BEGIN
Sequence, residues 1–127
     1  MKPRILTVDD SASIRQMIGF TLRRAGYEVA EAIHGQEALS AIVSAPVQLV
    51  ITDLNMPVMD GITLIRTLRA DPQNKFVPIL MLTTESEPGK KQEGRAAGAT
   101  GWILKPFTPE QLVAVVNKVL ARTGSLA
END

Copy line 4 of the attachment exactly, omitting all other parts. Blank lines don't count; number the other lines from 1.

   101  GWILKPFTPE QLVAVVNKVL ARTGSLA